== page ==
A celebrity autograph scribbled on a scrap of paper with a sharpie used to be a treasured possession — but, as K.J Yossman notes in his piece for Wired UK, it’s now a selfie or a video to post on social media that makes a brush with fame worthwhile. With few fans getting to actually encounter their idols in real life, a group of entrepreneurs is using an app called Cameo as a way to cash in on this trend.

The site boasts more than 30,000 “celebrities” across a plethora of industries from entertainment to sports to social media to business, all available to deliver individually-tailored missives at the touch of a button. All you need to do is select a name, type in what you want her or him to say and fill in your payment details. The person you’ve booked then has seven days to record your message and upload it to Cameo.com, where anyone can view it (unless you’ve opted to make the video private).

At the time of writing, fees range anywhere from £8.30, for New Zealand cricketer Peter Younghusband, to £41,500, for American comedian Chris D’Elia, who, unsurprisingly, has never been booked at that price. Talent set their own price tags, although Cameo, which takes a 25 per cent cut of each transaction, does offer guidance. “It’s about how much your fans can afford, not how much you’re worth,” says Abbie Sheppard, who heads Cameo’s UK and European office. (Galanis puts D’Elia’s eye-watering fee down to his wacky sense of humour.) For those with a more restricted budget, there are still plenty of household names available for under £1,000, including Snoop Dogg (£622.50), Lindsay Lohan (£249), John Cleese (£352.75) and even 94-year-old Dick van Dyke (£830), whose video greetings are recorded at a piano and almost always include a few lines from some of his best-known hits.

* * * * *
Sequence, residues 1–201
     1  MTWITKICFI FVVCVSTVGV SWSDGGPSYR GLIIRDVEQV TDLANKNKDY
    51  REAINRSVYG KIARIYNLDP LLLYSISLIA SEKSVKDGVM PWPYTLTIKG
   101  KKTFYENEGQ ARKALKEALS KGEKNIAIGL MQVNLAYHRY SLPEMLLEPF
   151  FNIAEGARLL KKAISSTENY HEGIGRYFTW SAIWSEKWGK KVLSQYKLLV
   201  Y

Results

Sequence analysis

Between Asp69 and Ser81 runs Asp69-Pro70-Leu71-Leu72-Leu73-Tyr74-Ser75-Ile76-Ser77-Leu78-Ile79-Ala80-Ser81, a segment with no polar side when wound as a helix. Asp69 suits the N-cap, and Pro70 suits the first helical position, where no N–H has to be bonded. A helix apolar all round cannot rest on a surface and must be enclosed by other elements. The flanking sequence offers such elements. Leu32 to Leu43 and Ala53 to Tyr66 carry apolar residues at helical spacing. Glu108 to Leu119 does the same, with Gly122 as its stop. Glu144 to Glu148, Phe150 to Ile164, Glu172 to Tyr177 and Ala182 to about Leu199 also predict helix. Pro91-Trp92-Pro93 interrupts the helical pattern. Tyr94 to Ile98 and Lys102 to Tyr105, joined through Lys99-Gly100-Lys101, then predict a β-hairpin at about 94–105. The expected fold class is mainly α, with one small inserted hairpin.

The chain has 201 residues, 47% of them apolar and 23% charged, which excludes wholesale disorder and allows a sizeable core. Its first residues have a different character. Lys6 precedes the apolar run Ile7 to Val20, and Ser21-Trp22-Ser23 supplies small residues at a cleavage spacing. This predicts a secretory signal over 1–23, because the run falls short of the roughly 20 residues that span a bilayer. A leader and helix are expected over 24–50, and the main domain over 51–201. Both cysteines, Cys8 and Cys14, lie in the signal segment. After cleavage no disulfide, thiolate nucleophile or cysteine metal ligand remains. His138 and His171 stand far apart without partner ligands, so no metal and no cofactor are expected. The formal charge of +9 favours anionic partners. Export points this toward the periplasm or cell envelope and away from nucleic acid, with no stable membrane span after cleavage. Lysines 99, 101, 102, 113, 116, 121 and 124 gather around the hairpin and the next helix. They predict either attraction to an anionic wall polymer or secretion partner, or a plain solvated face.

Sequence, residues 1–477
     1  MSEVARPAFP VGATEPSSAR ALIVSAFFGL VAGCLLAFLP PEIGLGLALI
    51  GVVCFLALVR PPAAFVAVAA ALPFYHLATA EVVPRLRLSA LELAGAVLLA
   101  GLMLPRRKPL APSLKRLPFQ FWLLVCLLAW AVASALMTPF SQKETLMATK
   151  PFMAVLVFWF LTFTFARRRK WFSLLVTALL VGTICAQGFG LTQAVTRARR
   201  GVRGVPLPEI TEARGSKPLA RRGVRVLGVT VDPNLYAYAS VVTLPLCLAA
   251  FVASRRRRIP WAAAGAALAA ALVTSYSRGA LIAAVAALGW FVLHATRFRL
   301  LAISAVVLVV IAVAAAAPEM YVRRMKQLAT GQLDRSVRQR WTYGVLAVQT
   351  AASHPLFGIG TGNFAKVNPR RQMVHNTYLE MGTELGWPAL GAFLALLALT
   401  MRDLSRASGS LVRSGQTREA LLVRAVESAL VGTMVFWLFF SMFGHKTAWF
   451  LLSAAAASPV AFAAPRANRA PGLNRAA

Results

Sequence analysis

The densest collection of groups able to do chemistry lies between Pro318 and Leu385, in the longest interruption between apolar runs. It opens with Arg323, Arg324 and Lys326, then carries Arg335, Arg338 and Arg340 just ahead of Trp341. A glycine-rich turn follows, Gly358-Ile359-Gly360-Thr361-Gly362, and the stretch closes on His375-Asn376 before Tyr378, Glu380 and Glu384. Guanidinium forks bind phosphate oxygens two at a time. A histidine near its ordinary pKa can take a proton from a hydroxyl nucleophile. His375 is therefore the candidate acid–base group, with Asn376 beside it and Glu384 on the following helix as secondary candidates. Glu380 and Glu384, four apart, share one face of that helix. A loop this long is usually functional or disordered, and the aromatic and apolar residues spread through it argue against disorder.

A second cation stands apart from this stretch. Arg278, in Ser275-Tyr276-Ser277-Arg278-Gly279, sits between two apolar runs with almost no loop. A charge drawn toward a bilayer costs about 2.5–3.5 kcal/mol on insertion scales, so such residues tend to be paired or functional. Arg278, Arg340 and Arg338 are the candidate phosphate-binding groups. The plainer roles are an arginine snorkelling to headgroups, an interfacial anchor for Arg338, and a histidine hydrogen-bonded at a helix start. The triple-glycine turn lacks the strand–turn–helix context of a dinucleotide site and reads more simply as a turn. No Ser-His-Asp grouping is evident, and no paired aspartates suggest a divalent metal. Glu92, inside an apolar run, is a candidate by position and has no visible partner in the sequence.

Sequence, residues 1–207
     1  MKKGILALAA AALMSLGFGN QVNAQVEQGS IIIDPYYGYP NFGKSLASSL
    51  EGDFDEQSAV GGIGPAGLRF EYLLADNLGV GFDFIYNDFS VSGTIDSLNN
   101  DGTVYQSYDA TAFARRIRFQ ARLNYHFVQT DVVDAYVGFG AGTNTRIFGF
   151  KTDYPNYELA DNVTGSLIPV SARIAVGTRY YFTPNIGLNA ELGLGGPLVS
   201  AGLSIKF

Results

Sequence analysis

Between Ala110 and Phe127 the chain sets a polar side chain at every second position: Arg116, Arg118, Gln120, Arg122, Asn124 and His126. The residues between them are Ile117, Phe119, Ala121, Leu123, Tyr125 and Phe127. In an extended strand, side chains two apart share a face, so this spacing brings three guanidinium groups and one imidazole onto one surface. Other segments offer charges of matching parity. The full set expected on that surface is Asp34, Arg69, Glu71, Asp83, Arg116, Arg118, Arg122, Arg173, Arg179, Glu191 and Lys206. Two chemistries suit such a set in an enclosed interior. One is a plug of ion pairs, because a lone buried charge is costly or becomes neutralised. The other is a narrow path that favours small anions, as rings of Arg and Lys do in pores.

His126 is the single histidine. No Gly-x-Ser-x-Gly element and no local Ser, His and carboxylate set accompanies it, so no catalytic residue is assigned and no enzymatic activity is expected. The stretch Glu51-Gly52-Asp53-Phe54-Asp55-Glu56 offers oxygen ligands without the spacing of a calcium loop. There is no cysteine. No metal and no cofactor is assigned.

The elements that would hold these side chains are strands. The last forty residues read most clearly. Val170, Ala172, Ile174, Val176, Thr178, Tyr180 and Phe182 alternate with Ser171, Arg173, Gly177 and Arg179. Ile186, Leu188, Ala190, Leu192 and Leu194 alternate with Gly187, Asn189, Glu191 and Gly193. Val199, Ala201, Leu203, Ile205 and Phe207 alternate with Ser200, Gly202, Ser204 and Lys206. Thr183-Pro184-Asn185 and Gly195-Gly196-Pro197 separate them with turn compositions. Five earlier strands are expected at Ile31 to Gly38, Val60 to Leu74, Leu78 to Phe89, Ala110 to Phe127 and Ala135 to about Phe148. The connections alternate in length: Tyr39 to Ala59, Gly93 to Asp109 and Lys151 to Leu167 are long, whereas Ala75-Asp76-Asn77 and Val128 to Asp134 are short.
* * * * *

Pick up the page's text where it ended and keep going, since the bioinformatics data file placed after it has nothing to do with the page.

For many celebrities, the idea of charging fans to wish them congratulations or say hello does not sit well, but from February to March of this year there was still a 77 percent increase in talent joining the site — suggesting that the pandemic shutting down other avenues for exposure enhanced Cameo’s appeal. For the fans, this has been a delight, with the site offering new ways to deliver messages that could not always be given in person during COVID-19.

a woman booking NFL player Tyler Lockett to tell her husband that she’s pregnant, a fan requesting that actor Dolph Lundgren wish his doctor friend luck fighting Covid-19, and one customer asking influencer and voice actor IRLRosie to tell someone to stop talking during films – in the manner of Amazon’s Alexa device. From mid-March to mid-April Cameo reported a 176 per cent increase in bookings; Galanis says many were requests for reassurance or advice.

However, there is a darker side to Cameo, with some people finding their fame being inadvertently used to support causes they do not believe in.

…in 2018 a handful of celebrities including NFL player Brett Favre, comedian Andy Dick and rapper Soulja Boy were tricked into recording shout-outs for a white supremacist group, some of which included coded antisemitic messages. “You guys are patriots in my eyes,” Favre, who charges £249 per video, said in the video, mistakenly believing he was talking to a veterans’ organisation. In the same year, Flava Flav was duped into sending a “happy retirement” message to an Australian cardinal who had recently been convicted of sexually abusing children (the conviction was later overturned).